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Korean J Pediatr 2014 March;57(3) :101-109.
Published online 2014 March 15.       
Evidence for adverse effect of perinatal glucocorticoid use on the developing brain
Young Pyo Chang
Department of Pediatrics, Dankook University College of Medicine, Cheonan, Korea
Corresponding Author: Young Pyo Chang ,Tel: +82-41-550-3937, Fax: +82-41-550-3903, Email:
Copyright © 2014 by The Korean Pediatric Society
The use of glucocorticoids (GCs) in the perinatal period is suspected of being associated with adverse effects on long-term neurodevelopmental outcomes for preterm infants. Repeated administration of antenatal GCs to mothers at risk of preterm birth may adversely affect fetal growth and head circumference. Fetal exposure to excess GCs during critical periods of brain development may profoundly modify the limbic system (primarily the hippocampus), resulting in long-term effects on cognition, behavior, memory, co-ordination of the autonomic nervous system, and regulation of the endocrine system later in adult life. Postnatal GC treatment for chronic lung disease in premature infants, particularly involving the use of dexamethasone, has been shown to induce neurodevelopmental impairment and increases the risk of cerebral palsy. In contrast to studies involving postnatal dexamethasone, long-term follow-up studies for hydrocortisone therapy have not revealed adverse effects on neurodevelopmental outcomes. In experimental studies on animals, GCs has been shown to impair neurogenesis, and induce neuronal apoptosis in the immature brains of newborn animals. A recent study has demonstrated that dexamethasone-induced hypomyelination may result from the apoptotic degeneration of oligodendrocyte progenitors in the immature brain. Thus, based on clinical and experimental studies, there is enough evidence to advice caution regarding the use of GCs in the perinatal period; and moreover, the potential long-term effects of GCs on brain development need to be determined.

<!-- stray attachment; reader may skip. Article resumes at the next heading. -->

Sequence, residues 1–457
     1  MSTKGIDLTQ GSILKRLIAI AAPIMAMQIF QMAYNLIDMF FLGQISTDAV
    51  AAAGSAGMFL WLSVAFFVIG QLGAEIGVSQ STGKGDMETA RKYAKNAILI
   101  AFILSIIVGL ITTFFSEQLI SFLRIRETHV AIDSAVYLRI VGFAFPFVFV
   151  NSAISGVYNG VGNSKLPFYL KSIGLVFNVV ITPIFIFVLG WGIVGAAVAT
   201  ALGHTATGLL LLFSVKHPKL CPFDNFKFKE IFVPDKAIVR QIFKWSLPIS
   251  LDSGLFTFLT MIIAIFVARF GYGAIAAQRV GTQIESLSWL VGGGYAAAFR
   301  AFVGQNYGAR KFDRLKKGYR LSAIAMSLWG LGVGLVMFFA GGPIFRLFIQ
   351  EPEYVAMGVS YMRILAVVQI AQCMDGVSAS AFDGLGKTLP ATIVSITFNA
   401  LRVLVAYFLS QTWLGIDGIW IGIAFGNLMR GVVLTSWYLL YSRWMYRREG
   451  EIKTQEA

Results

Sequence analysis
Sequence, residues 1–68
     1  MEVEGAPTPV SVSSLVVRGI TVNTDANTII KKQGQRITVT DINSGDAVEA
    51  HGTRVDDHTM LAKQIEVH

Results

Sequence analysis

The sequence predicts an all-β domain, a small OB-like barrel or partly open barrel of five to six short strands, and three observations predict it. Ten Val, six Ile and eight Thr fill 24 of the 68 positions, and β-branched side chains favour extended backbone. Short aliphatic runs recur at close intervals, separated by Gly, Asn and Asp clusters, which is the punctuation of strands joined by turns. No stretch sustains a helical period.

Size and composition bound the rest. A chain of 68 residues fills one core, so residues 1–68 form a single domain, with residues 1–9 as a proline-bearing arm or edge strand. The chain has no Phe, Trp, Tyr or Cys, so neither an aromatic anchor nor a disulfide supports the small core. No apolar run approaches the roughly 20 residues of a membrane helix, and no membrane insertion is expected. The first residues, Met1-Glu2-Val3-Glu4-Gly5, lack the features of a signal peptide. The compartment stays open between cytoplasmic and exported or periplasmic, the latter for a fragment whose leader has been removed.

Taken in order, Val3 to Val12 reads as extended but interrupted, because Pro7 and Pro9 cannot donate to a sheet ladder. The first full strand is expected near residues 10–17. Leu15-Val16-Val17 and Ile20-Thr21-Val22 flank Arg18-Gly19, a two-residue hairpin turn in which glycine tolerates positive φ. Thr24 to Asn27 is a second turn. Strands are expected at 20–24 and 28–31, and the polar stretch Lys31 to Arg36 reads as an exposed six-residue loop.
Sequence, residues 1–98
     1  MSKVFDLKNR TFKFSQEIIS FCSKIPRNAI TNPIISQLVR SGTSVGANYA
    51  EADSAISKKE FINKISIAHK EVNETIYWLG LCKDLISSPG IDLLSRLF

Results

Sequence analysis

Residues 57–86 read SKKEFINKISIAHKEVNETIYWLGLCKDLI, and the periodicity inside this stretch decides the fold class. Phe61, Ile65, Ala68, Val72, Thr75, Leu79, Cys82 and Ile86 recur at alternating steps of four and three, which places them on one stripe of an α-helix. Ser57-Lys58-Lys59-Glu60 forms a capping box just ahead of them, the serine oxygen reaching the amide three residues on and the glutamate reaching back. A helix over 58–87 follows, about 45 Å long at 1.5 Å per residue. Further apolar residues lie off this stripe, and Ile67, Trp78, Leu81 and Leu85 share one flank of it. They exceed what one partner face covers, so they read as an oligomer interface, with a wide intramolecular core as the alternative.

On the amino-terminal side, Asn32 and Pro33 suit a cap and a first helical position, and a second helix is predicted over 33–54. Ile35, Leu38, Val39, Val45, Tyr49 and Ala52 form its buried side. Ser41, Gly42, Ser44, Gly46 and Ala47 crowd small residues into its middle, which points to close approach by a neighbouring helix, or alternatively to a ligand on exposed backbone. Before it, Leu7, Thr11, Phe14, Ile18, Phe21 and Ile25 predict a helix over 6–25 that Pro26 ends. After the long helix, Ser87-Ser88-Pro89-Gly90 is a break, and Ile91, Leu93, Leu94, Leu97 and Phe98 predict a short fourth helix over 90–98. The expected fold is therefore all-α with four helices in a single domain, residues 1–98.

Keywords: Glucocorticoids | Dexamethasone | Hydrocortisone | Fetus | Newborn infant
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